Disappearing Honeybees… and What to Do About It

May 7th, 2013 | Simcha Weinstein | Comments Off on Disappearing Honeybees… and What to Do About It

honeybeeHoneybees, which play a key role in pollinating a wide variety of food crops, are in sharp decline in the United States (and have been since 2007), due to parasites, disease and pesticides, according to a federal report released last week. In the United States alone the bee decline has impacted $30 billion a year in crops and the U.N. Food and Agriculture Organization estimates that “out of some 100 crop species which provide 90% of food worldwide, 71 of these are bee-pollinated.” Around the world, these crops are worth at least $207 billion.

Honeybee pollination plays a role in about one-third of all food and beverages sold in the United States. The California almond crop alone requires 60 percent of all managed colonies devoted to pollination. Honeybees pollinate more than 90 of the flowering crops we have – among them: apples, nuts, avocados, soybeans, asparagus, broccoli, celery, squash and cucumbers, citrus fruit, peaches, kiwi, cherries, blueberries, cranberries, strawberries, cantaloupe and other melons.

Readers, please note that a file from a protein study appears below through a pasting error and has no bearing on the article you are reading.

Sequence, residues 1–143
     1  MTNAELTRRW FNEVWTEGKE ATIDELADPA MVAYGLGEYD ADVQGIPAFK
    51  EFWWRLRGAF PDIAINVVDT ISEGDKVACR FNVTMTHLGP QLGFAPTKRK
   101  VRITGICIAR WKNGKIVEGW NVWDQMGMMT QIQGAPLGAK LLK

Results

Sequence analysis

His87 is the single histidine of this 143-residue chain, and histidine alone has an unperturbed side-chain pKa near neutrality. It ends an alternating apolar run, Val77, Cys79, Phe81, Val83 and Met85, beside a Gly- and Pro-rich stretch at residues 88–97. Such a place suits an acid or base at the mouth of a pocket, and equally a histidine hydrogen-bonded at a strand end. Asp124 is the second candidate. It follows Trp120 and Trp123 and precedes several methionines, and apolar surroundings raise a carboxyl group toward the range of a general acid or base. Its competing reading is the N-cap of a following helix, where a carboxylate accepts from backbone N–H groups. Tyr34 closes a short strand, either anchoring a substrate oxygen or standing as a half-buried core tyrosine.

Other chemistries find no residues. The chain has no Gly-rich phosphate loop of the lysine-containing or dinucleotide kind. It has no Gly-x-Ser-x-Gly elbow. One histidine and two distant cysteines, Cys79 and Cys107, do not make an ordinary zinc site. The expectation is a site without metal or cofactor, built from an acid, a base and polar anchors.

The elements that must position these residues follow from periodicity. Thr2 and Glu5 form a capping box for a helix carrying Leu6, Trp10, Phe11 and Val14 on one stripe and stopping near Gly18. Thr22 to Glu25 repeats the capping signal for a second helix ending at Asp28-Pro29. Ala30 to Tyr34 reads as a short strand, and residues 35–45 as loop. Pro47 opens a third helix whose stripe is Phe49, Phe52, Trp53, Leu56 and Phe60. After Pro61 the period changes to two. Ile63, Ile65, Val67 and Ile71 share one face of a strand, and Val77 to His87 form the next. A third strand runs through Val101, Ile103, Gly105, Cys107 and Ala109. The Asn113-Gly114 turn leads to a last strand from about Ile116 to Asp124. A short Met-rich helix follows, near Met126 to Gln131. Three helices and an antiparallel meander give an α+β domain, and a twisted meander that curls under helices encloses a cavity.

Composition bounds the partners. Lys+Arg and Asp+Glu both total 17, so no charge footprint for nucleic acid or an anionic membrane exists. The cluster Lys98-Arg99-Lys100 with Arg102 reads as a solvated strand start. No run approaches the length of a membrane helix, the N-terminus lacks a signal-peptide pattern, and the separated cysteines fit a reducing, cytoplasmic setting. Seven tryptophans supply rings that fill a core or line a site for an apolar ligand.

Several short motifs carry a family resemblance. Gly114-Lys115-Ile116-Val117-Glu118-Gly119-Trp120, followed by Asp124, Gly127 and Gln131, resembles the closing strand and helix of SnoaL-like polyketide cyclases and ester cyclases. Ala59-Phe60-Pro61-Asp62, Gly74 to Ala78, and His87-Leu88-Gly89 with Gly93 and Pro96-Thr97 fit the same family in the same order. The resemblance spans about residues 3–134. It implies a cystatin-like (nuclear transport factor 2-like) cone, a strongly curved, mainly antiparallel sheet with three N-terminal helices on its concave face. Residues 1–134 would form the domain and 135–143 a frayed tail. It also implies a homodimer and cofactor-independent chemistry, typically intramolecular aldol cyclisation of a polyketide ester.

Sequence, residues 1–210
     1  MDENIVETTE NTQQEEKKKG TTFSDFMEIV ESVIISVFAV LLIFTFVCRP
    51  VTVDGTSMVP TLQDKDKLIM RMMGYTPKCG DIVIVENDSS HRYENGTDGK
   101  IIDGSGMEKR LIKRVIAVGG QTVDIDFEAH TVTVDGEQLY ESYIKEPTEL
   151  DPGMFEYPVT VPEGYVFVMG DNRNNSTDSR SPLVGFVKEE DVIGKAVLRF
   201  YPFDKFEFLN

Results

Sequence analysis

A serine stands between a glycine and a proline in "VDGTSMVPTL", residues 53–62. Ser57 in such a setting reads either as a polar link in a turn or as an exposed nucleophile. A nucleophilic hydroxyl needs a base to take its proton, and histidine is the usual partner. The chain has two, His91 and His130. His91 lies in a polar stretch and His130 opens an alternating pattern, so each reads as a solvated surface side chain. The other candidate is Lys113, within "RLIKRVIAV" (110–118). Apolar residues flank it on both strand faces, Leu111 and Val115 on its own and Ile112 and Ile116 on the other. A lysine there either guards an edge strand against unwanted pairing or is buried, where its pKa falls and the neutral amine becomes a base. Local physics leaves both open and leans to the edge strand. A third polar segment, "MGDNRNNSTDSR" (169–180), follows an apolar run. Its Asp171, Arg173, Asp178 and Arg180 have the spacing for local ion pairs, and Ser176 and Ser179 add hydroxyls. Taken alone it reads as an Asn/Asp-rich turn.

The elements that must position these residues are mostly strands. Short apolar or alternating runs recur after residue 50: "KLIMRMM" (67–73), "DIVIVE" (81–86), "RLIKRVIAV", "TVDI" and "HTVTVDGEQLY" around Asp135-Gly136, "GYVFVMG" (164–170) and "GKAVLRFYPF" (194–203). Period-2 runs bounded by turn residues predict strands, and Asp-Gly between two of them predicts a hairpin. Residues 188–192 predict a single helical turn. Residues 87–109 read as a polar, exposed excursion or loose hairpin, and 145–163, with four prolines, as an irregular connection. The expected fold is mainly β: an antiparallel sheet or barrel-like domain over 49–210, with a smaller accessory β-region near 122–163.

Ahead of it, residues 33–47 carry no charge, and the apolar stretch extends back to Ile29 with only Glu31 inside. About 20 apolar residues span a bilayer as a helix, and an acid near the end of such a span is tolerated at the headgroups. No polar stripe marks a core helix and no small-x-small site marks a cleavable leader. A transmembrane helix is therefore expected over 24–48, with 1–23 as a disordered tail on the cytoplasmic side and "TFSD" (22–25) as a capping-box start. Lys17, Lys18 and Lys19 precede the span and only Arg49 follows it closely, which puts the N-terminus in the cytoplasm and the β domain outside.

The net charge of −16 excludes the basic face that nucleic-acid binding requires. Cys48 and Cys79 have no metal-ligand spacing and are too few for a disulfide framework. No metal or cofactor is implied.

About one-third of the human diet comes from insect-pollinated plants, and the honeybee is responsible for 80 percent of that pollination, according to the U.S. Department of Agriculture. Even cattle, which feed on alfalfa, depend on bees.

This honeybee problem extends beyond the borders of the U.S. On Monday, the European Union responded to this report by banning three of the world’s most widely used pesticides (known as neonicotinoids) for two years as a precautionary measure.

In the United States, by contrast, regulators are moving more slowly. In this new Federal report from the Agriculture Department and the Environmental Protection Agency – they argue that there are a wide variety of reasons for the disappearance of U.S. honeybees since 2007 and neonicotinoids are only one possible factor.

U.S regulators will not be taking the same action as Europe and are not yet ready to ban the pesticides in question. Instead, the U.S. is slowly conducting a review of neonicotinoids that is expected to be completed in 5 years.

The link between bee colonies disappearing and pesticides is still being debated (only the degree to which it is having an impact – not whether or not it is actually part of the problem), but Europe, when faced with an uncertain concern that could impact their food supply and the overall environment made the decision to ban neonicotinoids for 2 years, just in case they really are the over-riding culprits in the demise of our bee populations. The United States, on the other hand (with pesticides being a billion dollar industry in the country) have decided to move more slowly.

Quite a contrast, the EU, when faced with this crisis errs on the side of the environment. The United States… not so much – let’s give it 5 more years. Our approach in the U.S. to the environment is exhausting. I’d much prefer if it were exhaustive instead.